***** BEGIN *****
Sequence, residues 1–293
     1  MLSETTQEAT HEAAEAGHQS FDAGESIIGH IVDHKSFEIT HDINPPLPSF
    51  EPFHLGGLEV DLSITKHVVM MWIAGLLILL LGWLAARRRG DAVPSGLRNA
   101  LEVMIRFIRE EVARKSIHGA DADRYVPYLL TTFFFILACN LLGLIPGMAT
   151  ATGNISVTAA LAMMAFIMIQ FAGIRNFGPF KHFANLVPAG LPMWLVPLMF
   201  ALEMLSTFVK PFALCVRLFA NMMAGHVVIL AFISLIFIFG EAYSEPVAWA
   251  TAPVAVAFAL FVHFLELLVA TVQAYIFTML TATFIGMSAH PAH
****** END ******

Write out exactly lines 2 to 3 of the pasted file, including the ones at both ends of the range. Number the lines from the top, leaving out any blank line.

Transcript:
     1  MLSETTQEAT HEAAEAGHQS FDAGESIIGH IVDHKSFEIT HDINPPLPSF
    51  EPFHLGGLEV DLSITKHVVM MWIAGLLILL LGWLAARRRG DAVPSGLRNA